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Sunday, June 21, 2015

Agnostic Front: The American Dream Died


1) Intro; 2) The American Dream Died; 3) Police Violence; 4) Only In America; 5) Test Of Time; 6) We Walk The Line; 7) Never Walk Alone; 8) Enough Is Enough; 9) I Can't Relate; 10) Old New York; 11) Social Justice; 12) Reasonable Doubt; 13) No War Fuck You; 14) Attack!; 15) A Wise Man; 16) Just Like Yesterday.

Yes, in case you weren't aware, the American dream just died, but you probably wouldn't believe this anyway unless you were told about this by someone who sounds exactly like a 300-pound Neanderthal who just sat down with his bare ass on a hornets nest. In other words, yes, ten years after the fact, Roger Miret still shows no signs of getting weary from his Another Voice — may­be the idea is that in a few decades we will finally get used to it, and once that happens, Agnostic Front will finally get a chance to rule the world. All you have to do is be tenacious.

I do respect that attitude, but I think that I respect the idea of keeping it short (this record barely goes over 27 minutes) even more. If I understand this right, the album once again moves away from metal and towards the good old hardcore — not just because of the song lengths (several of these are well under one minute in duration), but also due to another lineup shift, with Craig Sil­verman replacing Joseph James on second guitar and the music embracing «noise» and «grind» over relatively complex metal riffs or solos. What with all the nostalgia and everything,  they may think they are channelling the spirit of Victim In Pain here. But not with that «gorilla in heat» voice they aren't, never in a million years.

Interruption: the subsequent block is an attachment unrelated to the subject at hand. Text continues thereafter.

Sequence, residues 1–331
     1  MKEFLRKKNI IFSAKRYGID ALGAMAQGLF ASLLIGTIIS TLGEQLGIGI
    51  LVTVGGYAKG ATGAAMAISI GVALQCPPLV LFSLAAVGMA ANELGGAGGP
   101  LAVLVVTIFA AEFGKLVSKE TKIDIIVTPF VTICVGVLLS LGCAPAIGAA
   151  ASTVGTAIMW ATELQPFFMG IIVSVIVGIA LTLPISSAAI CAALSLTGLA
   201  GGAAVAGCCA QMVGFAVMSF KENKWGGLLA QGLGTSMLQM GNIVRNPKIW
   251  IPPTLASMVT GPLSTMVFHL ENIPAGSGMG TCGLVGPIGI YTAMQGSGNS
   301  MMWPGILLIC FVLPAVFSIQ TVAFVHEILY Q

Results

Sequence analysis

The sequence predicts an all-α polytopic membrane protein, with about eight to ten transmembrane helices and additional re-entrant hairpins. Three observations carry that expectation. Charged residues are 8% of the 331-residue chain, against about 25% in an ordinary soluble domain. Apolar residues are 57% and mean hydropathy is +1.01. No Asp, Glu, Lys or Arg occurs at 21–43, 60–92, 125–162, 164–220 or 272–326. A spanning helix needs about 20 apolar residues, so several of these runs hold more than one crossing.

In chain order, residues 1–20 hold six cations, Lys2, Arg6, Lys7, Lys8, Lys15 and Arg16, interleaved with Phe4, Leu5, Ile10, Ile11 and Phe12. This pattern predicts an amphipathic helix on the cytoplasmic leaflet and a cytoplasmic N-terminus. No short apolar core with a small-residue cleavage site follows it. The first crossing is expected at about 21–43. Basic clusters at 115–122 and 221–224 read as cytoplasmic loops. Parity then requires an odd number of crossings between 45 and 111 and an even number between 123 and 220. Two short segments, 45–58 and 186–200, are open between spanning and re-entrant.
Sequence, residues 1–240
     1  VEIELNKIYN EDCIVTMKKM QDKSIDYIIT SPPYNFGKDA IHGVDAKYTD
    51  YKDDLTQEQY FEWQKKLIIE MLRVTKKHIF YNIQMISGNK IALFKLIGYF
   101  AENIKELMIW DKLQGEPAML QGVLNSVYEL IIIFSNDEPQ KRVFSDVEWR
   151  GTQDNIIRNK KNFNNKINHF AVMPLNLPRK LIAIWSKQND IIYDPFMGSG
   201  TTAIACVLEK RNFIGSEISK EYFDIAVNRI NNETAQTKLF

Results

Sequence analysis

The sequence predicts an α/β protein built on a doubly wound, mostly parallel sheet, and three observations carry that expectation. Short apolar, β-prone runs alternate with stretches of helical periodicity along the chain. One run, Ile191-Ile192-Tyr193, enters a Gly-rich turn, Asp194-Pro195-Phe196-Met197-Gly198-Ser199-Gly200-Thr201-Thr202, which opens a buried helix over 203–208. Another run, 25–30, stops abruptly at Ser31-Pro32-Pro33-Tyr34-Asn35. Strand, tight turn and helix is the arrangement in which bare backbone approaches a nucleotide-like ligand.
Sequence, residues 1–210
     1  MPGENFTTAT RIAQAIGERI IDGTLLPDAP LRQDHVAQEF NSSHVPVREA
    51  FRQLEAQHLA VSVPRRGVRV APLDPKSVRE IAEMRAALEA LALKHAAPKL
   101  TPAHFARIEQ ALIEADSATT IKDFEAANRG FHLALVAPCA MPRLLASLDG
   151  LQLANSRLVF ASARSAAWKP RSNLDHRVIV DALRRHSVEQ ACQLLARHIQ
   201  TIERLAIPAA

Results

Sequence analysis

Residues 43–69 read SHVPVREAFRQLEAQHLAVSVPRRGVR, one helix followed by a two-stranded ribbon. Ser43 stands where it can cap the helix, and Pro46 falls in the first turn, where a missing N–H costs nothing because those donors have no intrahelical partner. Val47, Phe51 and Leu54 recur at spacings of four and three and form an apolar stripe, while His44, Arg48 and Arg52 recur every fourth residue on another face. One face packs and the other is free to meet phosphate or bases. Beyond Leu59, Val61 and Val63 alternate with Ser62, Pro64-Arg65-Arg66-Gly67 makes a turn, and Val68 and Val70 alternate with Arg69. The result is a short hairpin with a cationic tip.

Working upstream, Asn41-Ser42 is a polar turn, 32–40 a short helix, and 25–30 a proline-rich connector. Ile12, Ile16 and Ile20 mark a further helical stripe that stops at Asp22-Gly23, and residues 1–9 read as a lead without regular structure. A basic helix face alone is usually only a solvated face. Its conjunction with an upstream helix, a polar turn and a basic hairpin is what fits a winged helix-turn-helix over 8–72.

As usual, there are no problems with the overall energy level or the conviction with which the testosteronic riffs and the anti-establishment lyrics are delivered. Just as usual, there is nothing whatsoever worth discussing in the melody department, and the «gimmicks» this time around con­sist of a two-minute intro with police sirens and news flashes on the crimes of and ruptures within the evil capitalist system, and of a brief quotation from Taxi Driver at the beginning of ʽOld New Yorkʼ, in which Miret complains about "the Bowery slums turned into fashion bou­tiques" and the lack of drug dealers and freaks on the street. Uh... okay. I'm not sure I really want to comment on that particular attitude.

Other than this brief piece of information, all you really need to do is to look closely at the song titles — then understand for yourself whether you may or may not need this in your life (depen­ding, among other things, on whether you have «occupation of Wall Street» coming up on your calendar any time soon). The best I can do is not give the album a thumbs down — because, somehow, I am marginally impressed at how those old punkers seem to draw even more energy out of their frustration at growing old (and irrelevant) than they used to. I mean, the music is shit in any case, but as they get older, they learn to fling it with increased force and accuracy, even if nobody seems to care any more. Besides, it's not as if a whole lot of young artists these days cared much singing about social problems — so, perhaps, there is still some niche space left for the good old hardcore warriors.

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